Antibodies, (AKA Immunoglobulins) are the body’s natural defenders to protect you from infections. They are produced by your immune system to continuously look for foreign entities, called antigens, such as bacteria and viruses, and other dangerous invaders. If a foreign entity is found, antibodies are the first line of defense that aid in the destruction of these unwanted entities.
How Do Antibodies Operate in Your Immune System?
In the absence of an infection, antibodies are on standby. They are kept dormant by two kinds of cells: T cells and B cells. Once a foreign invader is located, the T cells awake and open the gate for the antibodies to move out and take on the task of removing these cells that infected your body.
B cells are white blood cells that respond to foreign invaders by producing antibodies. The exact proportion of B cells and T cells depend on the cellular-level balance that’s developed in the body over the course of your lifetime. However, it’s generally accepted that the immune system does its best to make every effort to help eliminate these foreigners from your system.
So the B cells keep the existing antibodies in check and the T cells are ready to produce more of them should an invader penetrate your body.
How You Can Help Antibodies Fight Infections
One of the best recommendations to boost your immunity are to keep up a healthy diet.
Some antibiotics will kill germs, but in most cases, you can outsmart the invading bacteria by not giving them a chance in the first place. Stay up to date on the best foods to eat that help you maintain a good amount of antibodies, not to mention help fight off free radicals as well!
What Is an Immune Deficiency?
An immune deficiency is when your body is not producing enough antibodies or simply no longer has the ability to make them.
In extreme cases, these deficiencies are life-threatening. It may cause inflammation of the joints, blindness, chronic fatigue, pneumonia, increased risk of infection, or skin rashes. In milder cases, it may cause a cold, sore throat, fatigue, or skin rashes, among others.
Influenza and Rotavirus infections are common causes of immune deficiency. Most cases of the common cold, where influenza viruses are contained, can also be caused by an immune deficiency.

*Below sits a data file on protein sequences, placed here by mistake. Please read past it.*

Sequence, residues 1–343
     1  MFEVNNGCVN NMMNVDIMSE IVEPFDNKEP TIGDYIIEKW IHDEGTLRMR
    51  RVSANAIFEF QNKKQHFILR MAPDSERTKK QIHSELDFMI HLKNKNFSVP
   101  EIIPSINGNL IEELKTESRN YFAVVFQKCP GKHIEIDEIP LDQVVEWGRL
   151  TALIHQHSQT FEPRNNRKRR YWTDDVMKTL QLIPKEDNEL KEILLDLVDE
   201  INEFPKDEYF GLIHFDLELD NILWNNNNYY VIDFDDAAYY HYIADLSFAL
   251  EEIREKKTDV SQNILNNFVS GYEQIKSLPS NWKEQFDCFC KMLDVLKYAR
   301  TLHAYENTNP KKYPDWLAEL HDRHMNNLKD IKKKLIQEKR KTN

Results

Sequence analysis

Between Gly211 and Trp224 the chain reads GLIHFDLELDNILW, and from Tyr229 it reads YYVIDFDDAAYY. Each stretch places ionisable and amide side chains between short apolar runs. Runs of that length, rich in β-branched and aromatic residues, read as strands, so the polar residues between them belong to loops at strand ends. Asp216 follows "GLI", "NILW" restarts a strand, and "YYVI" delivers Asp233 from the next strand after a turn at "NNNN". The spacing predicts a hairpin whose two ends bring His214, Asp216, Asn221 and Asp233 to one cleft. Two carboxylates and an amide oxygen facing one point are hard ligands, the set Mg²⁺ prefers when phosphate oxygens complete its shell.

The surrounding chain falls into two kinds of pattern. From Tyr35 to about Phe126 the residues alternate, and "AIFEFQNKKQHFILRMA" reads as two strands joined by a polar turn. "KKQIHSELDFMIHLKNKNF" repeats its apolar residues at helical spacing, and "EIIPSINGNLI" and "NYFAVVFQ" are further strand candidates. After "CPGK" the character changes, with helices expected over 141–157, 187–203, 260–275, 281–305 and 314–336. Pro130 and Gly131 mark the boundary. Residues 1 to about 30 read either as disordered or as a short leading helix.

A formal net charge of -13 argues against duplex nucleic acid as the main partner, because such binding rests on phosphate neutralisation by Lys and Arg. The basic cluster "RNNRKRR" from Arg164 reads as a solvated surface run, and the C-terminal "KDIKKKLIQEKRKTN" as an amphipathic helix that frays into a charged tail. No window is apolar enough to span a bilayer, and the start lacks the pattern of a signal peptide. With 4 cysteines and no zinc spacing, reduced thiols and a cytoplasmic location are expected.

Why the Immune System Needs Help
When someone is sick, the immune system becomes overloaded. For example, someone who has the flu or a stomach virus will start producing a very large amount of antibodies to fight the virus, but the antibodies can be tricked into thinking that healthy cells are invaders.
For example, for people who have an autoimmune disease, such as diabetes, the antibodies will think that healthy cells around the pancreas are foreign and subsequently attack them by releasing proteins called autoantibodies. Autoimmune diseases can take many forms, such as multiple sclerosis, Guillain-Barre syndrome, Lupis, and diabetes previously mentioned, as well as many more.
What Happens When You Have a Strong Immune System?
Having an adequate supply of antibodies has been proven to be very useful in combating various infections. Studies have found that people who lack antibodies are at higher risk of various diseases such as cancer, diabetes, heart disease, allergies, and other infections. It has also been found that people who have a strong immune system are more likely to live longer, have lower cholesterol, and be less likely to develop diabetes. However, it is important to note that you do not have to have antibodies to boost immunity. However, the more antibodies you have, the better off you are in fighting infection.
The human body produces antibodies to fight infection or foreign invaders. Antibodies help your body fight off bacterial or viral infections and when injected with a vaccine, it increases the production of the antibodies, enough supply to confront a possible infection and keep it at bay.
Enter the COVID-19 Vaccine
The COVID-19 vaccine has proven to be the ultimate killer of the coronavirus. In simple terms, it builds more antibodies in your body, in the form of T-cells that await the oncoming virus should you get infected. The result – you have enough antibody cells that will fight off the disease!